Butcher Block is a weekly series celebrating horror’s most extreme films and the minds behind them. Dedicated to graphic gore and splatter, each week will explore the dark, the disturbed, and the depraved in horror, and the blood and guts involved. For the films that use special effects of gore as an art form, and the fans that revel in the carnage, this series is for you.
Eli Roth’s Hostel was the first film to be dubbed “torture porn” by critics, one of many horror films released in the early 2000s that earned the label for their graphic depictions of violence, gore, nudity, torture, and mutilation. It was a term created out of derision, with some critics taking offense to the depiction of gore. It’s almost ironic considering that while the torture scenes are graphic and elicit visceral reactions, Roth spends a large chunk of the film’s run time intentionally driving the audience crazy with his breakdown of American stereotypes of Eastern Europe, and an uncomfortable depiction of a specific type of American. In short, you tend to wish for the characters’ deaths long before it happens. The college students in the film travel to Europe expecting to buy women and get bought themselves. It’s a clever treatise made further uncomfortable by sliced Achilles tendons, eyeball trauma, severed limbs, and blunt force trauma.
Hostel: Part II picks up immediately after the first film, wrapping up Paxton’s story before introducing the viewer to three new unwitting Americans. This time, they’re three female art students that are lured to their doom by a luxurious spa vacation. Like its predecessor, the sequel spends a lengthy bit of time introducing the key players. Roth keeps his theming of American naivety for his trio of intended victims, Beth, Whitney, and Lorna, but this time he shifts the focus to the killers as well. Part II highlights people that give in to their darkest impulses, and how these people can seem so outwardly normal. As a subversive counter to the naïve protagonists, these killers are Americans too.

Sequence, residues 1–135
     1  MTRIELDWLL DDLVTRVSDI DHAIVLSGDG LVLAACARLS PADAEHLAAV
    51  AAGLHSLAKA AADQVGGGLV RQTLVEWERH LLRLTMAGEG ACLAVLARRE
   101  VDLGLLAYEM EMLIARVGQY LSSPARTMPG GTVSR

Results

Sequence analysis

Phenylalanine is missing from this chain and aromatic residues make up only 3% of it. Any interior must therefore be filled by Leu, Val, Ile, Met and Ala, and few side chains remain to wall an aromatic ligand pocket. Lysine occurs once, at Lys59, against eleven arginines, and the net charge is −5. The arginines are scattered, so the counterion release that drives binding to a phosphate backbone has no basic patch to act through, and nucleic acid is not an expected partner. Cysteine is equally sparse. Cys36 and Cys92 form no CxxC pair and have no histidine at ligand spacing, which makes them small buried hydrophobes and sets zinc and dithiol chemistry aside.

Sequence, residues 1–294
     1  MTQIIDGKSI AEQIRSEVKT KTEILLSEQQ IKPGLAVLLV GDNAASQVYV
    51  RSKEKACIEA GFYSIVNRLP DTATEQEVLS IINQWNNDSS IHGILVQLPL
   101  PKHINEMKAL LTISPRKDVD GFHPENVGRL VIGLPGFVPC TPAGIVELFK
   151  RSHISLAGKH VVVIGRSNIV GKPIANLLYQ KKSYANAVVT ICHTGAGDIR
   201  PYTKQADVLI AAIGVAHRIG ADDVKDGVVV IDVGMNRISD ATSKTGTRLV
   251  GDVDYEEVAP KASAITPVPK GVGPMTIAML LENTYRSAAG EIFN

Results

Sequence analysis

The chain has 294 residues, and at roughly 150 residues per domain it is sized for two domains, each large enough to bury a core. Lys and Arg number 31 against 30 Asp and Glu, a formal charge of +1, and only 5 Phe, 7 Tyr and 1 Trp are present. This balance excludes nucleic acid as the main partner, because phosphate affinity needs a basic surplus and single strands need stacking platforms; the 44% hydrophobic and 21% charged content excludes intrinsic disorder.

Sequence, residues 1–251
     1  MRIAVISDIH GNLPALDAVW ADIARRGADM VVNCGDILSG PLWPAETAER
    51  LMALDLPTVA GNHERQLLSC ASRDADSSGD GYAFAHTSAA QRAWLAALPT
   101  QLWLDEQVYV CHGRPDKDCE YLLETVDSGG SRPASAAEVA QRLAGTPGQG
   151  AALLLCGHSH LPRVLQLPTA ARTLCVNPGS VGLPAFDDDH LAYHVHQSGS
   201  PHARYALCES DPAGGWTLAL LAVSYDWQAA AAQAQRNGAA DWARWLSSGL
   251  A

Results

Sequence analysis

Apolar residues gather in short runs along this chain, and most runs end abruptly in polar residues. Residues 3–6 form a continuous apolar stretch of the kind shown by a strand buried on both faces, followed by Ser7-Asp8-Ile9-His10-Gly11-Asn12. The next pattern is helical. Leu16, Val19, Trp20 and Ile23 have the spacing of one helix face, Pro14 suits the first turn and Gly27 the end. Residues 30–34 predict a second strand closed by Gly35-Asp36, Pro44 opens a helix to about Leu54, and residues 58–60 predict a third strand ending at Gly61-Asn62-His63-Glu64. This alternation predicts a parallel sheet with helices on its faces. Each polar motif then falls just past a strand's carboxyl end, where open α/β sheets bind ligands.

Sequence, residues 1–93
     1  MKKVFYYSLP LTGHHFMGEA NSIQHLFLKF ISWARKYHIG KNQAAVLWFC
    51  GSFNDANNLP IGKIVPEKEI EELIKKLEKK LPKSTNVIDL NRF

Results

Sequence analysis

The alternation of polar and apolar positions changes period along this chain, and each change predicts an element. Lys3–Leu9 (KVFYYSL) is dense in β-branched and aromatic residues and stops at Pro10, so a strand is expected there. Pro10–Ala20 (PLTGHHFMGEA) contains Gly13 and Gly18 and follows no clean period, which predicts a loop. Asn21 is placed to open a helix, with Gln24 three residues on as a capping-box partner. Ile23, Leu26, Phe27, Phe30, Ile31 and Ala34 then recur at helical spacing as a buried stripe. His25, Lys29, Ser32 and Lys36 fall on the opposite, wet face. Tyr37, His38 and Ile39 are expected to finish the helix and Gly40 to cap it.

The first major death (well, outside of the opening) is the notorious Elizabeth Bathory style torture and slaying of Lorna (Heather Matarazzo), and it happens to be the most brutal death of the series. Lorna is hung upside down while her killer lies naked beneath her, using a scythe to stab Lorna in the back repeatedly before finally slashing her throat, all the while Lorna whimpers and pleads. It’s bloody, ruthless, and drawn out. So, it’s no surprise that this scene was cut in foreign releases of the film; the uncut version showing Lorna’s death in its entirely is banned in Germany.
Save for Lorna’s death, it’s only the final 20 minutes or so of the 94-minute runtime that bears the brunt of the “torture porn” that makes critics cringe in disdain. Granted, Roth doesn’t shy away from the excruciating deaths of his characters, so I can see why it ruffles feathers. It also helps that Greg Nicotero and Howard Berger, and their KNB EFX Group team, have returned to handle special makeup effects. Between Roth’s unflinching style and the roster of amazing artists, the series of events building to climax is gruesome. And that climax? Ouch.
Hostel: Part II didn’t fare as well with critics or the box office as the first film, but it’s a stronger film. It’s also a hell of a lot bloodier. From gnarly genital mutilation to deliberately paced throat slashing, the deaths in Hostel: Part II are the best of the trilogy (let’s ignore Part III, shall we?). The protagonists are bit more sympathetic, too. The Hostel films have more depth than they’re often given credit for, but I also can’t fault anyone for feeling squeamish at the gore. Like its predecessor, Hostel: Part II takes a while to build up to the good stuff, and then gets grotesquely creative. It’s a must watch for gorehounds.